Last October, I posted an article about Andy Warhol’s unreleased cover art and described my attempts to reproduce the Billie Holiday, Volume 3 covers. Warhol made four designs for a possible Billie Holiday EP or LP entitled Volume 3.
To celebrate the 100th anniversary of Billie Holiday’s birth, Guy Minnebach published his research on the four covers. The first he found from a sale catalogue, it seems that two are in the Warhol Museum’s collection and the fourth was shown at the Robert Miller Gallery (New York) in 2011 according to Olivia Feal‘s blog.
A careful look at these covers shows that they are really collages — various bits of paper stauck together to make the finished design and then painted. Song titles are written in Warhol’s hand style. So, when were they made? Guy Minnebach, in his 2015 blog post, suggests that they were made in the early fifties, about the time he illustrated Margarita Madrigal’s book Magic Key to Spanish (published in 1953.) He points out that all the titles, were recorded in the 1930s for Columbia Records or its subsidiaries. I speculate that the covers may have been made later, towards the end of the fifties when Billie Holiday had left Columbia Records. Perhaps we will never know for sure.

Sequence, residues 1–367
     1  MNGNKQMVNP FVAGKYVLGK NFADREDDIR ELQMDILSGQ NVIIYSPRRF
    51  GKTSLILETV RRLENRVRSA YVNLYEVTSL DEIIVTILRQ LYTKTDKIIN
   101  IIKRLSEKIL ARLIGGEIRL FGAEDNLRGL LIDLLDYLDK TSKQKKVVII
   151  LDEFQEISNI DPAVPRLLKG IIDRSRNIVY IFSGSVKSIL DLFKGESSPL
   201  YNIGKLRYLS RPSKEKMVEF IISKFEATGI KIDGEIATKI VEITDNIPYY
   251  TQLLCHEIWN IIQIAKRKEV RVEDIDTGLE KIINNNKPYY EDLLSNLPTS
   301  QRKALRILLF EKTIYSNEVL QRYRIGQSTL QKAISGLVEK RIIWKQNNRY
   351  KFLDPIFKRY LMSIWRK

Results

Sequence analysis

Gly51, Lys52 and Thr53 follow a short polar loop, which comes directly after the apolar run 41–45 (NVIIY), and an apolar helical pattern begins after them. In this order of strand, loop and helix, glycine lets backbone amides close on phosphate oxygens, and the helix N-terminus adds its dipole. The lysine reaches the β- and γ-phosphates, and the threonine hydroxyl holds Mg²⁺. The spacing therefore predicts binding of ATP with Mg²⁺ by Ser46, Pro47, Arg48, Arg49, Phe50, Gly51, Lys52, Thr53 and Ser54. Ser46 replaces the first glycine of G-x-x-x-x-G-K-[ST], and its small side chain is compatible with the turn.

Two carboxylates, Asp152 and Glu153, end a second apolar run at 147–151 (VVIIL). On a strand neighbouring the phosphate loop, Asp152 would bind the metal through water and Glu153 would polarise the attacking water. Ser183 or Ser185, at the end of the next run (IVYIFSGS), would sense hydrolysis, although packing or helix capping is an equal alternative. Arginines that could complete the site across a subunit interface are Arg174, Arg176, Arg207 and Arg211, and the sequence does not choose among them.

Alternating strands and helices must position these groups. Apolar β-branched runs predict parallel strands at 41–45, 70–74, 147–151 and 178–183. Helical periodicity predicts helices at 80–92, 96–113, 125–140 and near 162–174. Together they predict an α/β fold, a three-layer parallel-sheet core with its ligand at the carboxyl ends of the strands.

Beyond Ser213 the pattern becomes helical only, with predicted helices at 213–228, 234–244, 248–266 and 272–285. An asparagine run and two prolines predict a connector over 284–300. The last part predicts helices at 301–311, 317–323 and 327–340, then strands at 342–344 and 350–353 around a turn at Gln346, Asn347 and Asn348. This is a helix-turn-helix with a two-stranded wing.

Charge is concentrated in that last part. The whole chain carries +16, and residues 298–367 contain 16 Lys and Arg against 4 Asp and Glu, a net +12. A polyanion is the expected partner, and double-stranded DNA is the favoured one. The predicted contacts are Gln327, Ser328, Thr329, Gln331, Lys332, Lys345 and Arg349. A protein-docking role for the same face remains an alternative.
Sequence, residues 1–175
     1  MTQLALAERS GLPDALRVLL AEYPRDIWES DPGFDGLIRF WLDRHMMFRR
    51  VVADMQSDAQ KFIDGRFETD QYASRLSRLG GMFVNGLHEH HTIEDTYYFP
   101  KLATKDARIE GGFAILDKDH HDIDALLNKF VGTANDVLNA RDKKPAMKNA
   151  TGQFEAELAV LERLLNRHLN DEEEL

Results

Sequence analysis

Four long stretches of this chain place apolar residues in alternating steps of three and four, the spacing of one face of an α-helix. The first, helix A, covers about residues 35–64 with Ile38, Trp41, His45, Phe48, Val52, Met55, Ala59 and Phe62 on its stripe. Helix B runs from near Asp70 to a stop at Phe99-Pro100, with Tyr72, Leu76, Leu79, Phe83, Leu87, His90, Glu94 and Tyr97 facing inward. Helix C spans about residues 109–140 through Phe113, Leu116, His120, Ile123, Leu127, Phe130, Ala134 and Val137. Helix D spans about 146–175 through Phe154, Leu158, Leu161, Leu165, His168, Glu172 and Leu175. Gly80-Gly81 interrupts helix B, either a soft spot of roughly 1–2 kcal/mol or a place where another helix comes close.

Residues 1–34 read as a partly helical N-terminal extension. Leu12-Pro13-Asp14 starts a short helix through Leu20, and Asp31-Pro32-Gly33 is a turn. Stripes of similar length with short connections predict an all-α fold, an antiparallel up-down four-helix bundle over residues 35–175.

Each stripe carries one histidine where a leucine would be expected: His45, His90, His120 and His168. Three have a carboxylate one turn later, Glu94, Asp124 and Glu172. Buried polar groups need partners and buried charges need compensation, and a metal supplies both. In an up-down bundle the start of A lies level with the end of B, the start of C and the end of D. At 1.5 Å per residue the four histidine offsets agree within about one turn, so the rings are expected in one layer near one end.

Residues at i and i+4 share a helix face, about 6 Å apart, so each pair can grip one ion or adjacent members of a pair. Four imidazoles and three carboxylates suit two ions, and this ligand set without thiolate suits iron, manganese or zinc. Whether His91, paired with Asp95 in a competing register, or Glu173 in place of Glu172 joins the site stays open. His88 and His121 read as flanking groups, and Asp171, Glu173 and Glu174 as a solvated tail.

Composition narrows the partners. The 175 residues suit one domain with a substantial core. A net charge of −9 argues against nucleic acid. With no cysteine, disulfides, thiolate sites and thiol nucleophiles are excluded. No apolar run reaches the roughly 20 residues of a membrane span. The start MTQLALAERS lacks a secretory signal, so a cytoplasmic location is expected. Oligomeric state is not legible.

I realize that these designs are unlikely ever to grace a real record and so I decided to try to make reproductions of Warhol’s designs. I’m in good company here. Many artists have reproduced Warhol’s art, starting early in the late sixties with Elaine Sturtevant’s copies of well-known Warhol works and continuing up to the present with Richard Pettibone’s miniature reproductions and Gavin Turk’s reinvention of Warhol’s Fright Wig Self Portrait.
So here are the results:
These are my renditions of Warhol’s originals.
My printer has managed to print up a limited edition of ten copies of each cover as ten-inch covers.
I am very happy with the results and to be able to add these to my other reproductions, such as the Progressive Piano ten-inch LP and seven-inch that I made several years ago. Wouldn’t it be nice if Columbia Records actually issued these records?